Cooper aims for better info sharing
- By Sarita Chourey
- Mar 24, 2004
Improving information sharing will be a top priority for the Homeland Security Department in the coming year, the agency's chief information officer, Steve Cooper, said today.
DHS' inspector general released a report concluding that the department has yet to develop a framework for information sharing and could take as long as seven years to completely consolidate its operations. But Cooper said officials have set an aggressive goal to move from 22 information technology networks to one by December.
Cooper, speaking at this year's FOSE conference for government technology, stressed the need for a two-way flow of information that involves civilians, local municipalities, the private sector and academics, in addition to DHS and state agencies. DHS, he said, needs considerable help at the county, city and municipality levels. It also lacks sufficient IT coordination across law enforcement, public works, fire protection, corporate security, and the entertainment and the hotel industries, he added.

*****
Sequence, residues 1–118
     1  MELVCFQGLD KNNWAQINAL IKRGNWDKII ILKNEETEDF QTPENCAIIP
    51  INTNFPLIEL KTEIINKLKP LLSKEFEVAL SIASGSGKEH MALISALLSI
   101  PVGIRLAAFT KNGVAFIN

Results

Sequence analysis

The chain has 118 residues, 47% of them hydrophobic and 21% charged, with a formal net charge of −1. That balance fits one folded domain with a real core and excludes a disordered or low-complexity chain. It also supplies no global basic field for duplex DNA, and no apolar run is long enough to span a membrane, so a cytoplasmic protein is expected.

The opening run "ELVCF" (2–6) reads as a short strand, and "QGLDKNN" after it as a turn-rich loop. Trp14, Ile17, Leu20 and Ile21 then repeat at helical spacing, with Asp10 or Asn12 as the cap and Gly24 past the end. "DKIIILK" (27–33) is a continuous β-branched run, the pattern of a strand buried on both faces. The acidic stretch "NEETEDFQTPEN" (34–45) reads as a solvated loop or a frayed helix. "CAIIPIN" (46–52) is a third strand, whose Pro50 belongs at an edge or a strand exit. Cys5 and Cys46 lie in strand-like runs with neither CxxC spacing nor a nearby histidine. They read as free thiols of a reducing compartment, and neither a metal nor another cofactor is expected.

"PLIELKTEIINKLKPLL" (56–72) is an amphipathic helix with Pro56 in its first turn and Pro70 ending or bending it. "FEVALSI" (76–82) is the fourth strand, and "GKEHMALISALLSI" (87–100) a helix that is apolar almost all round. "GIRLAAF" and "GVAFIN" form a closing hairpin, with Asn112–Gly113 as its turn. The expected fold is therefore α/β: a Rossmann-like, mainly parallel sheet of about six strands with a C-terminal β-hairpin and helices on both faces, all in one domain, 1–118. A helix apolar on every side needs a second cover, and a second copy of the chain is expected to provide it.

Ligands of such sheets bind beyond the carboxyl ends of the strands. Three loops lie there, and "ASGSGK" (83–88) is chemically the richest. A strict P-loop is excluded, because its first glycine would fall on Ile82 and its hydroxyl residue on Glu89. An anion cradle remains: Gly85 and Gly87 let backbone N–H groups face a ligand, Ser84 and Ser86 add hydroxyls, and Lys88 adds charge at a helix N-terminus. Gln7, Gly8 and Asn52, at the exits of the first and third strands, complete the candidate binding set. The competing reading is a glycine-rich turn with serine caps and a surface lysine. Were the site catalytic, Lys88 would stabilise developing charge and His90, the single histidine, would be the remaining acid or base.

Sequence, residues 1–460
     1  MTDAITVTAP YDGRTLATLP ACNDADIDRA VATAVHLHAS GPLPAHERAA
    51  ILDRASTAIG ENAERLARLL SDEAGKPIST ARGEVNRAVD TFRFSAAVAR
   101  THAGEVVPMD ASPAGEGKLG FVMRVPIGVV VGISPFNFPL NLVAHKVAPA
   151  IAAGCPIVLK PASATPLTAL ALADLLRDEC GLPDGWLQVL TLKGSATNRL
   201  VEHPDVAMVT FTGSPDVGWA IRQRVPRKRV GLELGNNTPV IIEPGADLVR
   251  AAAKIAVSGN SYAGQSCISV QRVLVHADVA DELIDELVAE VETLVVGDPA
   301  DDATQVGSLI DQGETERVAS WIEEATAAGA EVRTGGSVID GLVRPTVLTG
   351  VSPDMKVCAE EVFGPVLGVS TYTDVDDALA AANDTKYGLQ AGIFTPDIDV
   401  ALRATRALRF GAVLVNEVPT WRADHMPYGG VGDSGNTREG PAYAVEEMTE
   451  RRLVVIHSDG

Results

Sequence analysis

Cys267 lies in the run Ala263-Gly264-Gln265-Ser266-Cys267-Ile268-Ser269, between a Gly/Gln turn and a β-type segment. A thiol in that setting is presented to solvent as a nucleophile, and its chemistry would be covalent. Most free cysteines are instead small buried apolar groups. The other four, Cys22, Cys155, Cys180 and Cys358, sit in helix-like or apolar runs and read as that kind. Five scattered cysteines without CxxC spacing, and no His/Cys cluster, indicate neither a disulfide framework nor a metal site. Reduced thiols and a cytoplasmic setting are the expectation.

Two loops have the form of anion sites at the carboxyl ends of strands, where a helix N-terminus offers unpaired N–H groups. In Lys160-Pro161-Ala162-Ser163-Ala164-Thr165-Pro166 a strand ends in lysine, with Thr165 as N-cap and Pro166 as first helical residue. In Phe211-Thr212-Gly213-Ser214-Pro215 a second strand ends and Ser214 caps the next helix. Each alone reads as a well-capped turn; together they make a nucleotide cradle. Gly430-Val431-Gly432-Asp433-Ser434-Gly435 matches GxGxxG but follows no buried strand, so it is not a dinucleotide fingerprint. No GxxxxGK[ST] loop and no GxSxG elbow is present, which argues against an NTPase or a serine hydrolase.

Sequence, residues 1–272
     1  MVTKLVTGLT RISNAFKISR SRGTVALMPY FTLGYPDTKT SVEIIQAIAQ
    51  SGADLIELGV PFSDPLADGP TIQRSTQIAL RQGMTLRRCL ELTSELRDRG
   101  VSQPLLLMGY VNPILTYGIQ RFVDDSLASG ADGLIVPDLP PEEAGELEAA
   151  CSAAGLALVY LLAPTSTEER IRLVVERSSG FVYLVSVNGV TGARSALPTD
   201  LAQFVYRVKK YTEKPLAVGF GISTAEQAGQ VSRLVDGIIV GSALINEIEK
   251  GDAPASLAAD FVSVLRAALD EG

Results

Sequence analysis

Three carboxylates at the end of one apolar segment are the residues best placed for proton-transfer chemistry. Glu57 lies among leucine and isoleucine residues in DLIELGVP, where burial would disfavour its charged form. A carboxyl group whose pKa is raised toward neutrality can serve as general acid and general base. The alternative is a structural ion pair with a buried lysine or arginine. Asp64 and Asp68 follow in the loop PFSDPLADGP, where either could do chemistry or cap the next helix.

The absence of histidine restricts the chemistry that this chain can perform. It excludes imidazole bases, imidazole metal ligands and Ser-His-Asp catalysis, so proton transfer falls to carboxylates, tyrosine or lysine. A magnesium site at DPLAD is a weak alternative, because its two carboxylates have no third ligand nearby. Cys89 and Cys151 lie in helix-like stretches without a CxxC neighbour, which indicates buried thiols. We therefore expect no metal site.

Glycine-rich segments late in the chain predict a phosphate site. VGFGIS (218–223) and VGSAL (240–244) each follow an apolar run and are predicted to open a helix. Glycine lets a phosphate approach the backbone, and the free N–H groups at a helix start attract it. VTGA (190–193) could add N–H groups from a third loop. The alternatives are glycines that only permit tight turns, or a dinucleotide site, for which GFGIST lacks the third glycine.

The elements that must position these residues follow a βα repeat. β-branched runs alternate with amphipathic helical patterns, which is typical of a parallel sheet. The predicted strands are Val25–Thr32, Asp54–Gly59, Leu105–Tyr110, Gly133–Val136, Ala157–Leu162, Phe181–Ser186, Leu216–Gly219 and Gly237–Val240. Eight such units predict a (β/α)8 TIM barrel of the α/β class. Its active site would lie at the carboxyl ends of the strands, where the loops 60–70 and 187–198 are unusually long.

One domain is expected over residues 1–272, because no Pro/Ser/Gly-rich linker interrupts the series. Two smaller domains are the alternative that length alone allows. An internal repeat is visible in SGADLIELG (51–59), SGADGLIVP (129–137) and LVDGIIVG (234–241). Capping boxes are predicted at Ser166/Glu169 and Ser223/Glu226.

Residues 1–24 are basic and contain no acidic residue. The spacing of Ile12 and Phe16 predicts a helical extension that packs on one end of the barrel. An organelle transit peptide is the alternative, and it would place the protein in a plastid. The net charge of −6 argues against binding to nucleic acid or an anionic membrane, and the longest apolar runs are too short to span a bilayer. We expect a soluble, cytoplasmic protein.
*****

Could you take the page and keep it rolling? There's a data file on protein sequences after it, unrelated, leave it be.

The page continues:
Several officials will play pivotal roles in guiding IT improvements, Cooper said, including:
* Frank Libutti, DHS' undersecretary for information analysis and infrastructure protection, who was designated as a business owner with an eye toward promoting the "tangible, viable, visible and value-added" areas of information sharing.
* Pat Schambach, CIO of the Transportation Security Administration.
* Cliff Pearce, CIO of the U.S. Coast Guard.
* Charlie Church CIO of DHS' Information Analysis and Infrastructure Protection. Church will also head up IT efforts, Cooper said.
DHS officials will look at existing solutions first before trying to create new ones, he said. In an effort to balance quality, speed and delivery, Cooper said DHS would use "state-of-the-market" technology rather than impractical "bleeding-edge" products and services.
"What we're going to put in place now has got to be real," he said. "It's got to be operational."
However, Cooper added, that will not keep DHS officials from considering emerging solutions.